There are alot of the double LLC or INC around. A couple I've noticed are some of the local appliant/electronics store/chains. You'll always see Joe's Electronics, but if you look closely at their delivary truck they'll say owned and operated by Joe's Transport. This way if Joe's truck causes an accident he could possibly loose his transport business (ie his delivary service) but not his entire appliance/electronic store. I see more and more heating/plumbing companies doing the same thing.

    I agree the double LLC suggestion from my lawyer seems like a lot of hassle for a one truck operation. I'm most likely will set-up one LLC for liability as I'd like to pursue some of my own accounts and get the finances of my snow business separate from my personal to better track income/expenses/tax deductions etc.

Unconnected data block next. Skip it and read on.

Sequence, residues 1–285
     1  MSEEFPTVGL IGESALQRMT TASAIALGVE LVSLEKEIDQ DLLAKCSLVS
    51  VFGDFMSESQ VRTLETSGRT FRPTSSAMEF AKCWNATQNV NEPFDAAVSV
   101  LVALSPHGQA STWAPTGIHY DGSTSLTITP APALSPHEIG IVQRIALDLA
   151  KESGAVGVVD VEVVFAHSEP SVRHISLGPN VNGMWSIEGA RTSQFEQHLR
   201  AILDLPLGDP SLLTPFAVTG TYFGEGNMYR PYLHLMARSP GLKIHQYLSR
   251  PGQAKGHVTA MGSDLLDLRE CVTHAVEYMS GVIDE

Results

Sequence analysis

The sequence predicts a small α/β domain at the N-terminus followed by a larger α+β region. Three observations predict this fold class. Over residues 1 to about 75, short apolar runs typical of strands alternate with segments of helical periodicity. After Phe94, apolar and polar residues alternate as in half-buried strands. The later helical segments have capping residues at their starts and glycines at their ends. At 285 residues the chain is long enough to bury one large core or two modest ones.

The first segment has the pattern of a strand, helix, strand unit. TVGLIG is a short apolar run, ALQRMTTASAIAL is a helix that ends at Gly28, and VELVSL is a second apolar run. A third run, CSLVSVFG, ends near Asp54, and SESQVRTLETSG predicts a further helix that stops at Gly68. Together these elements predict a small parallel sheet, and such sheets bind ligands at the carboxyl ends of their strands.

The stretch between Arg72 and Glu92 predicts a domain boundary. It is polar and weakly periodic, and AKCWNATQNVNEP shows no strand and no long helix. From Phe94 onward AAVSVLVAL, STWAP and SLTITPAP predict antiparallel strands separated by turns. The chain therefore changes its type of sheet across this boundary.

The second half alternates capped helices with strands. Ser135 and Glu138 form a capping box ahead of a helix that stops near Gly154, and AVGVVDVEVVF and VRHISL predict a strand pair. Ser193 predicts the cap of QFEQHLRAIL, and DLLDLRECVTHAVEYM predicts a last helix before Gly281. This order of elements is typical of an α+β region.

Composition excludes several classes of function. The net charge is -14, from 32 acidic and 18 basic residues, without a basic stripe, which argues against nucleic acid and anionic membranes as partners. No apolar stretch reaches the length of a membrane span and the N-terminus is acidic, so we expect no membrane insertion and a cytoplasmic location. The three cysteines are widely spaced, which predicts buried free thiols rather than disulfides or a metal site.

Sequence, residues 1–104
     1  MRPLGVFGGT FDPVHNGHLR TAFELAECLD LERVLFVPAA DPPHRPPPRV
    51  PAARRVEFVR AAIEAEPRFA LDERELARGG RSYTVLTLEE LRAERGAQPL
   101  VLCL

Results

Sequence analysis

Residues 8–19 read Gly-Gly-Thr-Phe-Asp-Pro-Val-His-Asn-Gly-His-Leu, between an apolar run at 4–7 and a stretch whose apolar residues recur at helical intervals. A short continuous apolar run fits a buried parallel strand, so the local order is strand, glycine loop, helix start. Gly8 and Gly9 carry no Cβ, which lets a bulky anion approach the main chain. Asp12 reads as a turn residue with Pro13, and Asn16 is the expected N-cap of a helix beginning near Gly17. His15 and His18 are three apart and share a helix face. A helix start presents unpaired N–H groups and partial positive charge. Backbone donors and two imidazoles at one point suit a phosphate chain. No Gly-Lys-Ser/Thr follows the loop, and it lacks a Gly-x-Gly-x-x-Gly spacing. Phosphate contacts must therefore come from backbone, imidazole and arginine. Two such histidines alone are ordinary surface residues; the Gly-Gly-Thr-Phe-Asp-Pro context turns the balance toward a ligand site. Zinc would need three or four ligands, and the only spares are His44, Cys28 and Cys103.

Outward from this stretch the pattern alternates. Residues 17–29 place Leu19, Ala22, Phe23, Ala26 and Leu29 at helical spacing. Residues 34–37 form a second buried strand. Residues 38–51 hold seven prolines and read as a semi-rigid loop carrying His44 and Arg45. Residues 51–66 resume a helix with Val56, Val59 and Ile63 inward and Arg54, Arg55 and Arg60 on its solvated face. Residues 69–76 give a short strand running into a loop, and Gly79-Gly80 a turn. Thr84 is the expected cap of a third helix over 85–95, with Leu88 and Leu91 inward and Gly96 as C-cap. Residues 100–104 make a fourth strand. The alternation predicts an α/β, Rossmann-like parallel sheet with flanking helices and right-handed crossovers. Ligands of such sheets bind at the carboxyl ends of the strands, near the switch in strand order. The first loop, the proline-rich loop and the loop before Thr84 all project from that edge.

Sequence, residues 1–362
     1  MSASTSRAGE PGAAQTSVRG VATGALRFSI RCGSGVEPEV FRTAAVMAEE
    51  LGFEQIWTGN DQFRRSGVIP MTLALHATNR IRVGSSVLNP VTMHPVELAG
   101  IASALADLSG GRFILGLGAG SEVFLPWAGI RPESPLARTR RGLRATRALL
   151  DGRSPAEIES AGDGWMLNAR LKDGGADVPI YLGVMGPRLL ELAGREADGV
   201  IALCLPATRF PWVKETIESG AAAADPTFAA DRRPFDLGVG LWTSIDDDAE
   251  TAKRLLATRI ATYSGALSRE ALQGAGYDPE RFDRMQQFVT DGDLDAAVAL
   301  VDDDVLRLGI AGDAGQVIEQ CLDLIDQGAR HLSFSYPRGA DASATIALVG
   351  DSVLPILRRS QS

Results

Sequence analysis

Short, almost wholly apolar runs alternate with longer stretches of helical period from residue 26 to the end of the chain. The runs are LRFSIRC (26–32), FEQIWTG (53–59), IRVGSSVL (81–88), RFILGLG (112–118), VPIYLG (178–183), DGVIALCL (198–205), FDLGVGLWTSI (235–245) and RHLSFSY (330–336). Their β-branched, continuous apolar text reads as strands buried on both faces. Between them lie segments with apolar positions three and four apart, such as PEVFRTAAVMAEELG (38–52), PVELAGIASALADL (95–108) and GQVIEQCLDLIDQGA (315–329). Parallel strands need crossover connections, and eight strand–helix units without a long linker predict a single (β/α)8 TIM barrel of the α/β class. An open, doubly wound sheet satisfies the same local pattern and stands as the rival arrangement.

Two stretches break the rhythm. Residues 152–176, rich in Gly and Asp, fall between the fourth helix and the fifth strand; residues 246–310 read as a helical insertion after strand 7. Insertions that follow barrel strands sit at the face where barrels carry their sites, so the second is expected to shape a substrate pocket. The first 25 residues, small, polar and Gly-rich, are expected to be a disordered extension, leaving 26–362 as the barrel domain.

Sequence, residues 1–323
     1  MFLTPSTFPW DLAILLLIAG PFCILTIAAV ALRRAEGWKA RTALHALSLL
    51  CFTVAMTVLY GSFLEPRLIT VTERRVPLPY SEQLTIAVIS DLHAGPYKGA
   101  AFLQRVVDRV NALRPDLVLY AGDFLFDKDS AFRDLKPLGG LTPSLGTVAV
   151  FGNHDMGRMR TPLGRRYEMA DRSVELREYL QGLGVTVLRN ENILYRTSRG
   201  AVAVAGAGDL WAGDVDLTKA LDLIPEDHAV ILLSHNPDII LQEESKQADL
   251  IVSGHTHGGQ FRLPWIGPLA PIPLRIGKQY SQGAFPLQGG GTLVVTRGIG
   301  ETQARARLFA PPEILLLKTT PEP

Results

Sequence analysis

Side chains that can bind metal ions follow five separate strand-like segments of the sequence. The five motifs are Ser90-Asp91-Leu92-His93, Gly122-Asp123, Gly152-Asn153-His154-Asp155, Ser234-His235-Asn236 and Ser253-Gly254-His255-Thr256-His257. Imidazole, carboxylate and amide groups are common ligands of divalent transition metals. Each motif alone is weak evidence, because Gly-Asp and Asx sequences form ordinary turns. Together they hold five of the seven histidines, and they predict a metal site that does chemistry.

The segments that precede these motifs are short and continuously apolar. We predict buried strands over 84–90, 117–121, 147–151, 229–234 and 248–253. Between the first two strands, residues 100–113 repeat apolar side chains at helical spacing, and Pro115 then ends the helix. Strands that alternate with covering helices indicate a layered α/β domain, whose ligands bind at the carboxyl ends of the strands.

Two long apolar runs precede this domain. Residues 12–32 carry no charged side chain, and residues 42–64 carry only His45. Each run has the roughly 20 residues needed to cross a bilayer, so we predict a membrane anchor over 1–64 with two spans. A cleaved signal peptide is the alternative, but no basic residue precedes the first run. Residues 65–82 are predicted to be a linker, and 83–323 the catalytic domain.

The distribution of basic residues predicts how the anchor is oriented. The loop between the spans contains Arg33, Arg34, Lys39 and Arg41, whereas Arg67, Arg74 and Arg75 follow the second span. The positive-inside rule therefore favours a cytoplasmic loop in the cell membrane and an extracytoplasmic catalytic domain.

19. Turkey

    Turkey Member
    Messages: 77

    Forgot to mention, the lawyer fees for setting up a LLC correctly (with an operating agreement) are about $300-$400. Not a big deal for the liability protection it will provide when done properly.
  20. Spudgunner

    Spudgunner Member
    Messages: 40

    My wife did her own LLC for her biz. Here in Idaho it is pretty straightforward; however, if you don't have the time an attorney can do it for you. I had an attorney do mine and it was closer to $1000...as I didn't have the time to do it myself then (or I would have). You might contact your Secretary of State office for instructions and then just do it yourself.

    An S-corp seems like more trouble than it's worth to me...for a microbiz...but that's DEFINITELY one of those "Your Mileage May Vary" types of things.

    Good luck to you.